This offense will dramatically change in 2006 with the presence of new offensive coordinator Martz. Last year, Detroit had no commitment to the running game and was not fundamentally sound. Under Martz, this will be a very structured and intelligent offense with a lot of formations and sets. Even though the Lions want offensive balance, they will emphasize more downfield passing plays to open up defenses and give the offense a fast-break approach. The key to the Martz offense is deep crossing routes by the wide receivers with a lot of underneath routes by the tight ends and backs. Wide receiver Roy Williams and tight end Marcus Pollard will be excellent fits in this offense, but wide receivers Rogers and Mike Williams need to pick it up a notch or they will be left behind. Running back Jones will run versus a lot of nickel and dime defenses and will run a lot of draw plays and attack the edge. The coaches also want to keep Jones on the field on third down as a receiver, but he needs work in that area and also as a pass blocker. This offense requires a lot of deep drops so receivers have time to get open and quarterbacks can make their reads, so pass protection by the offensive line is critical. This offense will practice well, and there will be no tolerance for lack of concentration or sloppy techniques. It's a proven scheme that is very receiver-friendly, with clear responsibilities ... if the players will carry out the plan.
Head coach Rod Marinelli will bring his patented Cover 2 defense from Tampa Bay to Detroit, and he is a master at implementing this scheme. The Lions will utilize the Bucs' style of the Cover 2 by rushing four and dropping seven into coverage, with a lot of twists and stunts up front. The defensive line will be an aggressive, one-gap penetrating group that can play a straight four-man front but also some over-and-under techniques with the defensive tackles. Defensive coordinator Donnie Henderson is an aggressive play-caller and may try to talk Marinelli into more blitzes. The key to the success of this defense in 2006 is the development of two rookies, free safety Bullocks and weak outside linebacker Ernie Sims. Marinelli wants Sims to play the role of Tampa Bay's Derrick Brooks, and Bullocks will be asked to patrol the middle of the field and help the corners over the top, while also allowing strong safety Kenoy Kennedy to play up closer to the box in run support, which is his strength. It will also be interesting to see if the Lions' best cover corner, Bly, will have the discipline to play the Cover 2. He likes to freelance, but that's not what the Cover 2 wants from the corners. Detroit has a chance to play three linebackers who can all run, which is critical in this scheme, and that should allow the Lions to force offenses to run wide and let the pursuit get there. If the Lions decide to blitz more, they do have the corners to play man-to-man behind it. This will be a very aggressive, in-your-face defense, but under Marinelli and Henderson it will also be more disciplined than you might think.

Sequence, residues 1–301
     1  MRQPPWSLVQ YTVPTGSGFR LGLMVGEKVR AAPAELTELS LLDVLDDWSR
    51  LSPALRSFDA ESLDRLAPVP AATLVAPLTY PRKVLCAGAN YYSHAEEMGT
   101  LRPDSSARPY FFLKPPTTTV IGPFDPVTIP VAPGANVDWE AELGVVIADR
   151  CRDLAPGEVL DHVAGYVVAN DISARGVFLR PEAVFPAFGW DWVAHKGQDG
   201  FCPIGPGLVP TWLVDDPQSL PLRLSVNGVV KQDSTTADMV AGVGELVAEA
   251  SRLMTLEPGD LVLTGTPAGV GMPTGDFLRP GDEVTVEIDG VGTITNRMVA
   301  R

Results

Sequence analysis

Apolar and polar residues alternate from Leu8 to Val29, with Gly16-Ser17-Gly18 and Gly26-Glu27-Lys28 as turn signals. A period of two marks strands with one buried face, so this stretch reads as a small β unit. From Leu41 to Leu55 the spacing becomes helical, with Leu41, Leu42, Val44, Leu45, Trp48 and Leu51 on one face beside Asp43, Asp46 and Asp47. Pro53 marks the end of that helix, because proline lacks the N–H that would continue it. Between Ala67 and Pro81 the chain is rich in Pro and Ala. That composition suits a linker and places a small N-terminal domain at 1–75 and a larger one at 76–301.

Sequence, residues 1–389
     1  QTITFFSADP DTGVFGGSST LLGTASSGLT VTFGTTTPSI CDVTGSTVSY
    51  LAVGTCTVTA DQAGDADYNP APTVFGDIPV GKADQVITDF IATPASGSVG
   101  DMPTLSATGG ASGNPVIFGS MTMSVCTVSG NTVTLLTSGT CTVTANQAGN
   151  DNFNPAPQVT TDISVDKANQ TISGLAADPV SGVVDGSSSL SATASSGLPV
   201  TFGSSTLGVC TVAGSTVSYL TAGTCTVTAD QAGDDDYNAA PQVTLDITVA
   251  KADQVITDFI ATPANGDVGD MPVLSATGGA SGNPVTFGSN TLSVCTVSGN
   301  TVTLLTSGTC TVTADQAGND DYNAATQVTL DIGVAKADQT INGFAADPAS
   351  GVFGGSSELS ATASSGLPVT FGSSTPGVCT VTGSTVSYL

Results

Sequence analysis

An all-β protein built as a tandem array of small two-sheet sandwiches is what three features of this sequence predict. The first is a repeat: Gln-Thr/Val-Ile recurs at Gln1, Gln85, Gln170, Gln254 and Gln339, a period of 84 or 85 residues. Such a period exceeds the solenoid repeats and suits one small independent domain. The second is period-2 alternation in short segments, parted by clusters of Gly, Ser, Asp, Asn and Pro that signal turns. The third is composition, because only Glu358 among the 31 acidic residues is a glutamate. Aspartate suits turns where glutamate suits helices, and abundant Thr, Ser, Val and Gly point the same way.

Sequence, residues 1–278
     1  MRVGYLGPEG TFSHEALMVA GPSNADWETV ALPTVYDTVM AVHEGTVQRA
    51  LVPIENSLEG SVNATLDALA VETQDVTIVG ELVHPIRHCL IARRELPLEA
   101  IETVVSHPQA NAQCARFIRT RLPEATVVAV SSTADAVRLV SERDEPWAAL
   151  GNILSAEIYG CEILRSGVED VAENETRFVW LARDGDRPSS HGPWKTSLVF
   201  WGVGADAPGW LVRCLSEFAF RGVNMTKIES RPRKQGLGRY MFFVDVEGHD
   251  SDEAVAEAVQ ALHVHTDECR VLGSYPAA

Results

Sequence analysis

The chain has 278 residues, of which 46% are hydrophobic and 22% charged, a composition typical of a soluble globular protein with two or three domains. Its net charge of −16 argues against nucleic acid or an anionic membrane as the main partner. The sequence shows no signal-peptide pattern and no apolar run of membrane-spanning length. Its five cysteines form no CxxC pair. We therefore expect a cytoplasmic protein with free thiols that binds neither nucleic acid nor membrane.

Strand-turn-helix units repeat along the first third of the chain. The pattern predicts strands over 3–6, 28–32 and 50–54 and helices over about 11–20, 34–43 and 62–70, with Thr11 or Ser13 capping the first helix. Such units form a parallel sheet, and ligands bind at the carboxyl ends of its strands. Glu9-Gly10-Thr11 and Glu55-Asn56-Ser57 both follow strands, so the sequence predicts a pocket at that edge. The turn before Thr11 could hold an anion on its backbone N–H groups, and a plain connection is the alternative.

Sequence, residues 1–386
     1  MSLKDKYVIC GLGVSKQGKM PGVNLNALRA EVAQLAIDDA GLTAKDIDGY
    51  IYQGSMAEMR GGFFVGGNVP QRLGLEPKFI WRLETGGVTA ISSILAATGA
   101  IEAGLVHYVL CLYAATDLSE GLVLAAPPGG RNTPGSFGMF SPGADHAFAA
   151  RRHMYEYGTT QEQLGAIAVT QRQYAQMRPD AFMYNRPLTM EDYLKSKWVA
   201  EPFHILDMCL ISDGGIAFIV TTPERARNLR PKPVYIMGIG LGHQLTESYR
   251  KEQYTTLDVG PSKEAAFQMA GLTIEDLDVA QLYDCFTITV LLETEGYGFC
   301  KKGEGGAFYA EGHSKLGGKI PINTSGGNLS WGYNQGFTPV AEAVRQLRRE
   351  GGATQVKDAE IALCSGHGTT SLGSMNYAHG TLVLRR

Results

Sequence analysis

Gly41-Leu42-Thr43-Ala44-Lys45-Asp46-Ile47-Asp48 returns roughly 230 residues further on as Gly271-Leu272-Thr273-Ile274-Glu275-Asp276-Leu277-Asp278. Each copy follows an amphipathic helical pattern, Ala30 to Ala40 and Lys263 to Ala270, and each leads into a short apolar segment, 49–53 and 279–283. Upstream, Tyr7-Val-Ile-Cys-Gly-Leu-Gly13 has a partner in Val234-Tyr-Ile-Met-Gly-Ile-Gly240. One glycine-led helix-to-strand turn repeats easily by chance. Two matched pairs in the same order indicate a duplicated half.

Gary Horton has been a football talent evaluator for more than 30 years. He spent 10 years in the NFL and 10 years at the college level before launching a private scouting firm called "The War Room."